A former RTÉ journalist has been jailed for 15 months for sexually assaulting a woman as she slept.

Mícheál Ó Leidhin, 38, who worked as a political reporter for Raidió na Gaeltachta, was found guilty by a jury in May.

The victim told the court her mind and body had been violated and she had lost her place in the world. She said she would have to deal with it for the rest of her life.

RTÉ terminated Ó Leidhin's employment after his conviction.

Judge Karen O'Connor granted a request from his lawyers to allow him to begin his sentence on Monday morning to give him time to lodge an appeal before the end of the legal term on Friday.

The court heard Ó Leidhin and the victim met on a night out in May 2018. They went back to Ó Leidhin's house in the early hours of the morning, where they engaged in consensual sexual activity.

However, the woman said she told him she did not want to have sex as they had no contraception.

The court heard they fell asleep. The woman gave evidence that she woke up to find Ó Leidhin lying on top of her groping her breasts. She told him to get off her and the court heard he said something along the lines of "sorry, I'm horny".

The woman said she was confused and annoyed and told Ó Leidhin it was weird that he had done this while she was asleep.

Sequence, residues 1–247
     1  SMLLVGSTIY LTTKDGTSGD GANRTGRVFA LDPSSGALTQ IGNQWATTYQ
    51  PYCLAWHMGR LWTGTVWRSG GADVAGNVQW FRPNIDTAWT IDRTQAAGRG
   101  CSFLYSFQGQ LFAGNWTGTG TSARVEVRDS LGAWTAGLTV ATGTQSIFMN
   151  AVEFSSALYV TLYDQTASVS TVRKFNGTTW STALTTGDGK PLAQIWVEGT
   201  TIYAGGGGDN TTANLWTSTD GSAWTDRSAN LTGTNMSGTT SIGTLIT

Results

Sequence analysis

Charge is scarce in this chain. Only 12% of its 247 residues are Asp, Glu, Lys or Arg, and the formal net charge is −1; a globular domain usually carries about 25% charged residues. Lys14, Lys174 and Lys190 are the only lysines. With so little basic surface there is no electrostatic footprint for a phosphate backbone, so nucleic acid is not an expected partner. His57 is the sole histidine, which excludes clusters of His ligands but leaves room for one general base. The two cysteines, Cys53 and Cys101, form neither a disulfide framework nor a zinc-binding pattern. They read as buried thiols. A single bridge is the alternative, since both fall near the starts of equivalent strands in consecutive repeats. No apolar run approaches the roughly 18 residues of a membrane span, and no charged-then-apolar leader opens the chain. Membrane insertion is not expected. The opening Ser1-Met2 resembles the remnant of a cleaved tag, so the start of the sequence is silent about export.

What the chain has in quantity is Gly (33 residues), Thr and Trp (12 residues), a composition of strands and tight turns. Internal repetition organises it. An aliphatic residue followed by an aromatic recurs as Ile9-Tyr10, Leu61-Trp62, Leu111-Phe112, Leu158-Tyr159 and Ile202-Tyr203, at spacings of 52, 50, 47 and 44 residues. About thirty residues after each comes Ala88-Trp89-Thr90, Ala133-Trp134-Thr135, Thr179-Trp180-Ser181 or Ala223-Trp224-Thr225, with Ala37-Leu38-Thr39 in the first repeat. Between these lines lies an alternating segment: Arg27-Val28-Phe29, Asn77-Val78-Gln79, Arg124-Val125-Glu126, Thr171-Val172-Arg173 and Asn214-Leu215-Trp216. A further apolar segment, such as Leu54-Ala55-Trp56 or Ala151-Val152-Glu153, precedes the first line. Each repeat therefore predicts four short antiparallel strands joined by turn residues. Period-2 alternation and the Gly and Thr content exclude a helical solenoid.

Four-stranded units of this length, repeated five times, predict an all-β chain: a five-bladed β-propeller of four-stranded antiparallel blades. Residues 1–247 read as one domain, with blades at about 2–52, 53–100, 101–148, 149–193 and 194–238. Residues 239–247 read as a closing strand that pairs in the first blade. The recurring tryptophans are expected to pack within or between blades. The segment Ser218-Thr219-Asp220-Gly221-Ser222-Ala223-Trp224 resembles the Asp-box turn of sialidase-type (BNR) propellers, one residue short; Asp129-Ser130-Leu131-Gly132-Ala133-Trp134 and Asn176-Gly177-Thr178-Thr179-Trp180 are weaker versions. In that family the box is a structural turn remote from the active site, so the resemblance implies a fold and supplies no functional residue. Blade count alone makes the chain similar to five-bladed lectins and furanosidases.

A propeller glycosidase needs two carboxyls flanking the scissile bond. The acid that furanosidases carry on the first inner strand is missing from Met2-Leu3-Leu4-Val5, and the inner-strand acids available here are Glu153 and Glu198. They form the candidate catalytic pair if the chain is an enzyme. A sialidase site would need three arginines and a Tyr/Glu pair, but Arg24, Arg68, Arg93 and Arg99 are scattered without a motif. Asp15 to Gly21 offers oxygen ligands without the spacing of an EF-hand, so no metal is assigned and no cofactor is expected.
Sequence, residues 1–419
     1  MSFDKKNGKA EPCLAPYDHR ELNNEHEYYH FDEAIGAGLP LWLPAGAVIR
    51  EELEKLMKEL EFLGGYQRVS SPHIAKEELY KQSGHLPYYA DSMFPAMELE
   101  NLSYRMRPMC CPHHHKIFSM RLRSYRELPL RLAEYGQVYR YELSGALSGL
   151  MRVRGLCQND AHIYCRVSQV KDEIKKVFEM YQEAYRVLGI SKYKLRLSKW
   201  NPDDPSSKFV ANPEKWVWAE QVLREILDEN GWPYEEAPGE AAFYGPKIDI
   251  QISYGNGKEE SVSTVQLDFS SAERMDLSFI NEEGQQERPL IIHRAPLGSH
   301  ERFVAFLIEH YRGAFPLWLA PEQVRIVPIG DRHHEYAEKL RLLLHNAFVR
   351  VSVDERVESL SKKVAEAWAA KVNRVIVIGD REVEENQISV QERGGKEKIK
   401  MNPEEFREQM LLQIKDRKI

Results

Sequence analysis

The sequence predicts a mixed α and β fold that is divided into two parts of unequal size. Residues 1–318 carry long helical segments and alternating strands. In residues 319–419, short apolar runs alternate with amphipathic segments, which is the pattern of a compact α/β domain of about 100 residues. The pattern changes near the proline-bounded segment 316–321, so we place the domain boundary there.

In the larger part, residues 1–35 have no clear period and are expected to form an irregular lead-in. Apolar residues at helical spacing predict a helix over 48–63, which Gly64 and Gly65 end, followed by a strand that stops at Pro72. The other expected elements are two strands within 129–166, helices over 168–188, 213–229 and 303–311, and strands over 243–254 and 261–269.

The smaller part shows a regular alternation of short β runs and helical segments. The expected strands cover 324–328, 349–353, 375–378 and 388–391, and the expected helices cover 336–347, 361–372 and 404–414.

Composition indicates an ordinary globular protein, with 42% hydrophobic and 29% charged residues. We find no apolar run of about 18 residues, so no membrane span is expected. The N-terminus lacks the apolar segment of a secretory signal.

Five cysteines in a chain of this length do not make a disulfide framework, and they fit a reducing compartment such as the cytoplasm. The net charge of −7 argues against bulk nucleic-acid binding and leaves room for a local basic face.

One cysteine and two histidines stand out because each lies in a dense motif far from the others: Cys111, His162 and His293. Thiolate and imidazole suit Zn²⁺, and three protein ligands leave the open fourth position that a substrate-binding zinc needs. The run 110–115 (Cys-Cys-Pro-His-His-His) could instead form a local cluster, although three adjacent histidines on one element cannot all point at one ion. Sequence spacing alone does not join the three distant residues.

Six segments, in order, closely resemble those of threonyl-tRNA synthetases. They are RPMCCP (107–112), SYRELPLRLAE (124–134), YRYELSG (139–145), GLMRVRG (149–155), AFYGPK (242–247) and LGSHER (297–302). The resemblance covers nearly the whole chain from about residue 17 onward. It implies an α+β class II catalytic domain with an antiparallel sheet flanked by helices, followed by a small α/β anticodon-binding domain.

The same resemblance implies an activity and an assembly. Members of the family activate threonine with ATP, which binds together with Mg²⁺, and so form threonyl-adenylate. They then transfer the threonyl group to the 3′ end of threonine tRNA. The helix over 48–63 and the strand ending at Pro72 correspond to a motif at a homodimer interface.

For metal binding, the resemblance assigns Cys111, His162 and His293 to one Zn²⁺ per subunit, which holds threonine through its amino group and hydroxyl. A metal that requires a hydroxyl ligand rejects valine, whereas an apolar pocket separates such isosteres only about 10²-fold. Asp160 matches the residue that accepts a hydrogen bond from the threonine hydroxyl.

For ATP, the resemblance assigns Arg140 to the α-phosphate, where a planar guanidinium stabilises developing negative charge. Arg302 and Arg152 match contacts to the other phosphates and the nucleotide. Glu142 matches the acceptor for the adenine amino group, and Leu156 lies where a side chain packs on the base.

She told the court she absolutely did not consent to it.

They went back to sleep and Ó Leidhin later gave the woman a lift home.

The court heard they spoke later that day via a phone call and texts in which the woman expressed her unhappiness about what had happened between them.

Ó Leidhin called over to her house that evening and they spoke for about an hour. Prosecuting counsel Michael Delaney said they agreed to differ about what had happened the night before and there was no contact between them after that.

The woman reported the incident to gardaí a year later.

In a statement to gardaí, Ó Leidhin said that when he woke up on the night he had wanted to resume the sexual activity they had been engaged in earlier.

He said he had been trying to wake the woman to continue "fooling around". He said she asked him to stop and he did.

Judge Karen O'Connor said she had adjourned the sentencing as Ó Leidhin's defence counsel, Bernard Condon, had indicated that his client accepted the jury's verdict.

This was the first indication of any acceptance of wrongdoing and she had wanted to explore this further through a probation report.

The judge said the aggravating factors in the case were the impact of the offence on the victim, who had spoken to the court in a compelling manner about her trauma and her sense of being violated when she was asleep.